GG: In general though, do you feel that there is a new age of McCarthy-ism coming up here, and if you do, what kind of rebellion would you imagine for kids today, besides becoming schoolyard snipers and suicide bombers. (laughs)

JW: I think... well, fourteen year olds, first of all, gay is not enough. It means nothing anymore. No one cares, and they don't even know. That's important. I think you can get on your parent's nerves easy. You know, a black kid can listen to Marilyn Manson, If you're a white kid just speak in ebonics. Even that's old but it works, still. RACE is still the best way to scare people. And sex. And I think kids today really don't care about that anymore. It's not even an issue, which I find really heartening. I mean, eventually, there will be no black magazines and no gay magazines. Because it won't matter. And maybe that's the best progress. When it's all one thing. When it's not good or bad because it's black or gay; it's just good.

LL: Well, because everything is being homogenized and co-opted basically. And then fed back to us. It's gutting the underbelly of everything. That's why I fear this Neo-Conservatism coming back, as a rebellion. Even if it's only a rebellion against what came before. Because how much further is it going to go? We've had Columbine, and the twelve other schoolyard massacres.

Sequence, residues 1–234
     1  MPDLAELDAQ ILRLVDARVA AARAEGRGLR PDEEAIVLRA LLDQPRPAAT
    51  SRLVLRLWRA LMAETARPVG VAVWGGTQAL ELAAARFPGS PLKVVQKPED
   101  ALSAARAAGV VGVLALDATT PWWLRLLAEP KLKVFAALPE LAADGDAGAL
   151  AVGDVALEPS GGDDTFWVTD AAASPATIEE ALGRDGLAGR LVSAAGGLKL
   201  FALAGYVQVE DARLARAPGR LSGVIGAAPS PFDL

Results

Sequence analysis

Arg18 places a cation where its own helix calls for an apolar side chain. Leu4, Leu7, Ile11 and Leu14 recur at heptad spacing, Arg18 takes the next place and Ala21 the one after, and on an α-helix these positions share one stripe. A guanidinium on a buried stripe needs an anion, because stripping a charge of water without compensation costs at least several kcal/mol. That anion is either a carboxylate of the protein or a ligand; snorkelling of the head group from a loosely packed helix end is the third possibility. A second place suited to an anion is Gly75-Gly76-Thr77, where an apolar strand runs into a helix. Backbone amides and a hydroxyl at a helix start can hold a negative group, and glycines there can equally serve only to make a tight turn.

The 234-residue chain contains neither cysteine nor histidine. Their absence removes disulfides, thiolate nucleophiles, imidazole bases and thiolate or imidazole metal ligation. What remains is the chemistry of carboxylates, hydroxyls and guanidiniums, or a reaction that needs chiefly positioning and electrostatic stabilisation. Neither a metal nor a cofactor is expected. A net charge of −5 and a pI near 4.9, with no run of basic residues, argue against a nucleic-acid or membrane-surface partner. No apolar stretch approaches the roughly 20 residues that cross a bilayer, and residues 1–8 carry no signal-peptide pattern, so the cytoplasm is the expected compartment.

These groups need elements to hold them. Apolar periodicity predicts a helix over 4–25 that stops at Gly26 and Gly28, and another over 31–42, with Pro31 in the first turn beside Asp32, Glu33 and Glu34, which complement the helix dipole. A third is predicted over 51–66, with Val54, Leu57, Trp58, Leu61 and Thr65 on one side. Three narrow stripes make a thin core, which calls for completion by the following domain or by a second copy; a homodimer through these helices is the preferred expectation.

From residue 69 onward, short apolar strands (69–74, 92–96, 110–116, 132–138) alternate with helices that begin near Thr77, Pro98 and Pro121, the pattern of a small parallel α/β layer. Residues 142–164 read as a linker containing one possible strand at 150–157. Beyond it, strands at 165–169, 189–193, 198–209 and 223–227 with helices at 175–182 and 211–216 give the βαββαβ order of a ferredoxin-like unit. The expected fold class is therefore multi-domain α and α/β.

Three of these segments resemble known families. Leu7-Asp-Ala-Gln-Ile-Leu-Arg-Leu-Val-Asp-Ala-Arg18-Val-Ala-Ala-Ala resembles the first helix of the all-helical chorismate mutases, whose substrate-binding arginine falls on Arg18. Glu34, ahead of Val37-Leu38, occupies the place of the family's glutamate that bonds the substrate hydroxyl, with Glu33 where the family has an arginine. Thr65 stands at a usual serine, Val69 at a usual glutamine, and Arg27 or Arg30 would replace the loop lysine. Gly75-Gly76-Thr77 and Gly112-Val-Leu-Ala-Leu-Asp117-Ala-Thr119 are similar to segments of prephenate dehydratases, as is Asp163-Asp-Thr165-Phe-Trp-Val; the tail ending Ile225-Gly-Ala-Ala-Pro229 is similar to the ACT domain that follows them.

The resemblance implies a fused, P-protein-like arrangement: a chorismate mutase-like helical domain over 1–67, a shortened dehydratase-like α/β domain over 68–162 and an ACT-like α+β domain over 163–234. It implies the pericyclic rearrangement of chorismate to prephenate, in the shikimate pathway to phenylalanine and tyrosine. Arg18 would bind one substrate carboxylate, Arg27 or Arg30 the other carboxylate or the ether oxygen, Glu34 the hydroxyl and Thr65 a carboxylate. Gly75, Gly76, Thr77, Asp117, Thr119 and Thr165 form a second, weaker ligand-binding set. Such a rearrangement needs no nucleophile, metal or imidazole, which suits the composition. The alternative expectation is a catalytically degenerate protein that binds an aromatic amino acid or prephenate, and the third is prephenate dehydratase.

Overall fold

JW: And people still haven't learned, in high schools. They're still mean to weird kids.

GG: They're still mean. However, the penalties for breaking any law or rule are so much stiffer now. Things you could get away with even ten years ago you might get thrown in jail for today. Spraypainting or harrassment or whatever. That, in many ways, makes good old fashioned hooliganism into something much scarier.

JW: Oh come on. When I was in high school, being bad was beating somebody up. (laughs) Back then, no one was coming in with a machine gun! Everybody has had that fantasy, at least anyone who is creative. But today.I don't feel neo-conservativism. I don't feel that, really. I don't feel all the young kids that I see... well, obviously, those kids who are into neo-conservatism are not going to come and see me.

LL: Well I think it's polictics, and as politics becomes more fascist.

JW: Who knows what's going to happen. Look, I can't stand Bush, but I think anyone who had been elected president would have handled the situation exactly the same, because they would have gotten the same advice from the same people. I don't think he did such a terrible job in this, I mean what would anybody have done then? At the same time.and here's a perfect example. I actually feel, that John Walker Lynd will end up being a model. Because, first of all, he was swooning on morphine. And everyone loves to hate him, because he's